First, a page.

Here is the mocked up idler, and a shot showing how I cut off the bracing:

http://i29.photobucket.com/albums/c263/AxleIke/IMG_4377.jpg

http://i29.photobucket.com/albums/c263/AxleIke/IMG_4378.jpg

And, I added some new bracing in:

http://i29.photobucket.com/albums/c263/AxleIke/IMG_4380.jpg

Primed the frame yesterday:

http://i29.photobucket.com/albums/c263/AxleIke/IMG_4379.jpg

Next it was on to mock up:

First I lined up a stock arm for reference:

http://i29.photobucket.com/albums/c263/AxleIke/IMG_4381.jpg

http://i29.photobucket.com/albums/c263/AxleIke/IMG_4383.jpg

Then it was on to the new arm:

Parts I'm using:

http://i29.photobucket.com/albums/c263/AxleIke/IMG_4384.jpg

http://i29.photobucket.com/albums/c263/AxleIke/IMG_4385.jpg

Mocked up, extended 1/2" to account for the extra steel on the frame now:

http://i29.photobucket.com/albums/c263/AxleIke/IMG_4386.jpg

http://i29.photobucket.com/albums/c263/AxleIke/IMG_4387.jpg

I spent the rest of the evening making gussets. I still have a few more to go:

http://i29.photobucket.com/albums/c263/AxleIke/IMG_4388.jpg

http://i29.photobucket.com/albums/c263/AxleIke/IMG_4389.jpg

I'll be using a piece of tube as shown to tie gussets into on the front side of the arm. Still have to make those though.

http://i29.photobucket.com/albums/c263/AxleIke/IMG_4390.jpg

Also still have to drill holes in the main tube so I can rossette weld along the length of the tube.

thefatkid
07-06-2010, 09:44 PM
Were you having issues welding to the Cromo? It looks like it was spattering on you?

I've never had the pleasure of welding cromo

Jacket
07-07-2010, 08:53 AM
The mighty plasma cutter....very nice. Enjoying your creativity.:ranger:

AxleIke
07-07-2010, 09:15 AM
Were you having issues welding to the Cromo? It looks like it was spattering on you?

I've never had the pleasure of welding cromo

I don't think that part is cromoly.

However, is there some way to make it NOT spatter? EVERY one of my welds has TONS of spatter, and I hate it! I just assumed other people used some sort of spatter spray, but if there is something I'm doing wrong, let me know.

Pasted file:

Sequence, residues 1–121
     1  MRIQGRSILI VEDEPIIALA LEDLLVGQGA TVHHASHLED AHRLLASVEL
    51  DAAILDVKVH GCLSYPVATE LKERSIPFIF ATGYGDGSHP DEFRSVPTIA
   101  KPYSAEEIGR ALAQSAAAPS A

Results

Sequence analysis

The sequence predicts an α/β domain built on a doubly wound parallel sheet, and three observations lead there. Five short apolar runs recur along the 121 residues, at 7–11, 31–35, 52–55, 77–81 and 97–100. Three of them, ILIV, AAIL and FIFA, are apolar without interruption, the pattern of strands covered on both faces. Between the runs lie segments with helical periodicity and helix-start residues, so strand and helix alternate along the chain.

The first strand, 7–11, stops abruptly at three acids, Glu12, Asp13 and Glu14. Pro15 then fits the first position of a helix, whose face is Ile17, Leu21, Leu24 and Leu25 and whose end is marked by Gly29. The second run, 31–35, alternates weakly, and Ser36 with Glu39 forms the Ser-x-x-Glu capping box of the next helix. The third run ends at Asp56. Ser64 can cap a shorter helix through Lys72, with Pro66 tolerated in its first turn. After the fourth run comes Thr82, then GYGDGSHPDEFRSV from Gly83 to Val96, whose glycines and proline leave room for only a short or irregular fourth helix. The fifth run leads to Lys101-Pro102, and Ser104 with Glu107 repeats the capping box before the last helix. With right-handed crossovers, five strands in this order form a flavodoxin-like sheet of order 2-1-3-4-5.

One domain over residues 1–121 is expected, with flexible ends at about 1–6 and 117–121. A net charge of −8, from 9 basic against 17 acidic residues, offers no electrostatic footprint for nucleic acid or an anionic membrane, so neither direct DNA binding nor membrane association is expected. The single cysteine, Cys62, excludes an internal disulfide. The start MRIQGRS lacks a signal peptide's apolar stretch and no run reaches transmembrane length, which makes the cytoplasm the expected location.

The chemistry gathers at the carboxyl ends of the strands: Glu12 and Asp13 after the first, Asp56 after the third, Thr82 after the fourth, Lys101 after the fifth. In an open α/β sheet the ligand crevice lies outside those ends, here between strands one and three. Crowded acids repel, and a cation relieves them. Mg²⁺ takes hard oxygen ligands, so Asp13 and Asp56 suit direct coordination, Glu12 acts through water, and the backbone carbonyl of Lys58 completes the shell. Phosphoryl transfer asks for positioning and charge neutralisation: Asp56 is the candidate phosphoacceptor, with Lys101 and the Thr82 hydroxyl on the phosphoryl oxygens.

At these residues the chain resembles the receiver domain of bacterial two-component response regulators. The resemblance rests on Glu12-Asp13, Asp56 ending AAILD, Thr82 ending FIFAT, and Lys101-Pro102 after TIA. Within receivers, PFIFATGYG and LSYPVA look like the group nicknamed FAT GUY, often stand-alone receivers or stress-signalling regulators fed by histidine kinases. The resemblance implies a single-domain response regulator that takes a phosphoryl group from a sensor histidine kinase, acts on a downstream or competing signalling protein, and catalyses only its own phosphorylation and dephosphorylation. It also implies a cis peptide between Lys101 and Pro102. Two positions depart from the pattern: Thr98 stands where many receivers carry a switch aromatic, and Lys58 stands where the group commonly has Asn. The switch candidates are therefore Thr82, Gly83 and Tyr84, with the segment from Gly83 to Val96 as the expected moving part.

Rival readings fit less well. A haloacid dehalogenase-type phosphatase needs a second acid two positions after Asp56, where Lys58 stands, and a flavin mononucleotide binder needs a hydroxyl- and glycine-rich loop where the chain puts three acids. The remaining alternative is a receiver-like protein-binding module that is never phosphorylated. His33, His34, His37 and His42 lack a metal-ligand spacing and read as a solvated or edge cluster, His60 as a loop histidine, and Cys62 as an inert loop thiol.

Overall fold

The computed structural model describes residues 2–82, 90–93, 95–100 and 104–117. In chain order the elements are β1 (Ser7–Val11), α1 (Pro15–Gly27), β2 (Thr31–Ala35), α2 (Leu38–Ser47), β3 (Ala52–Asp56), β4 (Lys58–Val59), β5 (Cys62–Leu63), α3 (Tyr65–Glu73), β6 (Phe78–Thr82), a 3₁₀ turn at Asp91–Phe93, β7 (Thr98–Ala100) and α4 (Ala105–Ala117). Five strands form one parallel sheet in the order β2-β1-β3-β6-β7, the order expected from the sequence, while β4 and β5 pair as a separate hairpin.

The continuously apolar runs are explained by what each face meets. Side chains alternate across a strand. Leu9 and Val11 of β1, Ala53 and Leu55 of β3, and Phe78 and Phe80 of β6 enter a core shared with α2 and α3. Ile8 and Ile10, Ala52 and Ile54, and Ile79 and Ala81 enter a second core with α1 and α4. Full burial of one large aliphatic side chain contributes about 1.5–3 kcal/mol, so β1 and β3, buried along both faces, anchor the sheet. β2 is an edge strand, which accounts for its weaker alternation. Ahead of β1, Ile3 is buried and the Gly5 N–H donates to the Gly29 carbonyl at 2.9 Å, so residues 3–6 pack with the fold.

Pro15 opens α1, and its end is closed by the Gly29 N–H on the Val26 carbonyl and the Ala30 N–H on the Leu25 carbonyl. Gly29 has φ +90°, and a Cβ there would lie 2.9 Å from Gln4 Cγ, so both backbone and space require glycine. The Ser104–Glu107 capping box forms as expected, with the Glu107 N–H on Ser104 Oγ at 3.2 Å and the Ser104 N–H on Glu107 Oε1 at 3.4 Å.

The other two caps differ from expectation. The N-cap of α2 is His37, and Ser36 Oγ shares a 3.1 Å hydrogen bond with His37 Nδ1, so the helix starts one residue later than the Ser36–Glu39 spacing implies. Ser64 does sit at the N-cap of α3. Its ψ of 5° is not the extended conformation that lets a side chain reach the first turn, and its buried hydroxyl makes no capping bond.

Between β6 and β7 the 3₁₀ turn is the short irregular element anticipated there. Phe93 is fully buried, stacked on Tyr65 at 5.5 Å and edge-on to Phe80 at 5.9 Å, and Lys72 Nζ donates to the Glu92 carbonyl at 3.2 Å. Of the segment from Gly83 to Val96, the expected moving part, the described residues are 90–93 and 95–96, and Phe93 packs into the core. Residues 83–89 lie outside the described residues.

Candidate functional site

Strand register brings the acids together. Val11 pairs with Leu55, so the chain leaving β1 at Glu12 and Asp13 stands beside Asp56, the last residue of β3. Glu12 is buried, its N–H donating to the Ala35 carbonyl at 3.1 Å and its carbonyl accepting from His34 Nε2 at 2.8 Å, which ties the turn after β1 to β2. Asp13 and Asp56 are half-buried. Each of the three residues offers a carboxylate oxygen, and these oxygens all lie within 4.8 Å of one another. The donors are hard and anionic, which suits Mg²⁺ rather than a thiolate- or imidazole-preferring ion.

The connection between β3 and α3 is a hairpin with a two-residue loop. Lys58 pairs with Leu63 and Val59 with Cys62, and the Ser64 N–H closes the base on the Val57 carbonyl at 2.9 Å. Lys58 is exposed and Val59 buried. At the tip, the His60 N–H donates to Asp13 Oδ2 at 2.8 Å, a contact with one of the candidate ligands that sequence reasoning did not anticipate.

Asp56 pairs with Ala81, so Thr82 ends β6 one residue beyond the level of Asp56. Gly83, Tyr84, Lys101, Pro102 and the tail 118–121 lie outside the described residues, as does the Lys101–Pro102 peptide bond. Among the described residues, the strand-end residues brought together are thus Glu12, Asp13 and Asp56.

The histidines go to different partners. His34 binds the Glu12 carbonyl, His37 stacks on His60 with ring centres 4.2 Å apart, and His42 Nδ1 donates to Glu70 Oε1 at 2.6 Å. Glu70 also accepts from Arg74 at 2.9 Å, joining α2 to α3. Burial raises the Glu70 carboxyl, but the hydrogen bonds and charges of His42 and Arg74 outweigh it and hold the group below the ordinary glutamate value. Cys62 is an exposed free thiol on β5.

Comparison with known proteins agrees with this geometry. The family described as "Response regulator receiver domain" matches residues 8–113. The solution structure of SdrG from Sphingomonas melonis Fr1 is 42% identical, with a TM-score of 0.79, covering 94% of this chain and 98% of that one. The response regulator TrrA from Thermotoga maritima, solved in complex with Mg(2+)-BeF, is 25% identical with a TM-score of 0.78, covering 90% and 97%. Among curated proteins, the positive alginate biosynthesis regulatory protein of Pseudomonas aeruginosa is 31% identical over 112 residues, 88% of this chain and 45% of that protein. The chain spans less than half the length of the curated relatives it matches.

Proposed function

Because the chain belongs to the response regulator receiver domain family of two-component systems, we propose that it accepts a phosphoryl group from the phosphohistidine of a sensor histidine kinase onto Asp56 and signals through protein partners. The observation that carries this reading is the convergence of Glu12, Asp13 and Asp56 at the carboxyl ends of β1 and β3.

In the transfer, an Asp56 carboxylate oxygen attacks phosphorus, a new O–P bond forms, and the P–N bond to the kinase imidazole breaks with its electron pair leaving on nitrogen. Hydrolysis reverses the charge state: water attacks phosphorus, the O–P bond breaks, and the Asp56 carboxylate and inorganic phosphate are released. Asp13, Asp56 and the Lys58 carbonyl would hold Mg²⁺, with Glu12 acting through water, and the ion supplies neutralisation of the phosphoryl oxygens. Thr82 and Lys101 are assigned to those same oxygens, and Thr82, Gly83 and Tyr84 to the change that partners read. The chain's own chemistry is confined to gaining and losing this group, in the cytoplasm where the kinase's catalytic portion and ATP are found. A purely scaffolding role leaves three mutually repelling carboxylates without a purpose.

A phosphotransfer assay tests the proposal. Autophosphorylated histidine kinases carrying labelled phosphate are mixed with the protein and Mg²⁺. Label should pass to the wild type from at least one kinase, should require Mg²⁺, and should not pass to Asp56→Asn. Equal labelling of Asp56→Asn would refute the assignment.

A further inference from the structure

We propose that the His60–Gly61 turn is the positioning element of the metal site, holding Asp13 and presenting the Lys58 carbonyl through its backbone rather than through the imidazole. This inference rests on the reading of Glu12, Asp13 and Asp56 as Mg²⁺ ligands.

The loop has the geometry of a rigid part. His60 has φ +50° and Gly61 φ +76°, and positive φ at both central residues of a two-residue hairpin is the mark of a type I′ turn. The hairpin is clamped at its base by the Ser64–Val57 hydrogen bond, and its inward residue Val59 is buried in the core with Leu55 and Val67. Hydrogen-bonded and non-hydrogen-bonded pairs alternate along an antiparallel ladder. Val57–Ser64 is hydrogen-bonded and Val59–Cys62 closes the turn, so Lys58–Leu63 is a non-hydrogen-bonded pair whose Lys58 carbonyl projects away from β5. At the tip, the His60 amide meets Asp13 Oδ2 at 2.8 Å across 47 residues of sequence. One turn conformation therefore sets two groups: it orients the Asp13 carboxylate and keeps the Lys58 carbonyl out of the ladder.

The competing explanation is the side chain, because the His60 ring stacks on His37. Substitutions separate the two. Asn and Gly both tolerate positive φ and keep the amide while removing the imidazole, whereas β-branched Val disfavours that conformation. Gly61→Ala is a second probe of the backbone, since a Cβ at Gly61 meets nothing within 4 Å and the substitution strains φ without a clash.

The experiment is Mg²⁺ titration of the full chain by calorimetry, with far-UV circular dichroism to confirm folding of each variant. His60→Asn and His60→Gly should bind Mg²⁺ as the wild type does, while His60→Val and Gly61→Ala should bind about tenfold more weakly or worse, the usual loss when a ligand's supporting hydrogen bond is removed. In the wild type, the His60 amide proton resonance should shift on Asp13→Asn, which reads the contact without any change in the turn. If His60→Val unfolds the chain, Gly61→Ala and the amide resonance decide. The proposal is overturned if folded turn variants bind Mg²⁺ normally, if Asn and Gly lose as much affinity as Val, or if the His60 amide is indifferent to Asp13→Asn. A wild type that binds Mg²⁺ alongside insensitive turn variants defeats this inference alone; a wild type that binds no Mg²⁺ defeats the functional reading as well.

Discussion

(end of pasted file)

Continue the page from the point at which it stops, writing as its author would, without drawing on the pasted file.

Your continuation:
AxleIke
07-07-2010, 09:15 AM
The mighty plasma cutter....very nice. Enjoying your creativity.:ranger:

Thanks matt!

Uncle Ben
07-07-2010, 09:17 AM
Were you having issues welding to the Cromo? It looks like it was spattering on you?

I've never had the pleasure of welding cromo

Cromo is actually very nice to weld with! Since it essentially pure steel it beads and flows smoothly and consistently!

Isaac, when sleeving you always want to cut the sleeve at an angle so you don't create a shear plane when you weld it together.

AxleIke
07-07-2010, 09:34 AM
Cromo is actually very nice to weld with! Since it essentially pure steel it beads and flows smoothly and consistently!

Isaac, when sleeving you always want to cut the sleeve at an angle so you don't create a shear plane when you weld it together.

AH! Great to know! Thank you! is the best way just to put two V notches on opposite sides?

Also, any thoughts on the spatter, fab-man?

rover67
07-07-2010, 10:07 AM
You running straightCO2 or 75/25?

AxleIke
07-07-2010, 10:28 AM
75/25

thefatkid
07-07-2010, 10:31 AM
What welder? I just switched to a MM250x and that helped a ton. They also make spatter spray/coating.

The newer millers are even smoother from what I've experienced.

AxleIke
07-07-2010, 10:47 AM
MM175. I've seen the spatter spray coatings, but I dunno. The welder is maybe 3 years old.

However, it doesn't matter if I'm welding 1/4, 3/16, or 1/8 (all of which that welder is rated for) it still spatters like crazy.

RockRunner
07-07-2010, 11:22 AM
I use the anti spatter spray and dip the tip of the gun into a blue goop that keeps the spatter from sticking to the welder itself. I also found that I needed more gas, 75/25, to get better welds. I still suck but there is far less spatter.

You can buy the spray at Murdoch's' or welding supply places.

rover67
07-07-2010, 11:31 AM
Weird.. so 75/25 is good...

I've never really had a problem with spatter and I don't use any spray other than a little bit on the gun to keep it clean.

thefatkid
07-07-2010, 12:10 PM
What wire? I found that makes a big difference. I'll have to check what I burned with last time.

AxleIke
07-07-2010, 01:22 PM
.030 Lincoln solid wire.

Uncle Ben
07-07-2010, 02:19 PM
Spatter comes from impurities. If your shielding gas pressure is too low or the metal is dirty you will get lots of spatter. It's caused from trapped volatile gases "boiling" the puddle. Spatter wire (flux core) is a good example as the flux is melted into the puddle so it spatters as the gas escapes.

______
You "bologna" cut the sleeve. /______---->

AxleIke
07-07-2010, 03:15 PM
Spatter comes from impurities. If your shielding gas pressure is too low or the metal is dirty you will get lots of spatter. It's caused from trapped volatile gases "boiling" the puddle. Spatter wire (flux core) is a good example as the flux is melted into the puddle so it spatters as the gas escapes.

______
You "bologna" cut the sleeve. /______---->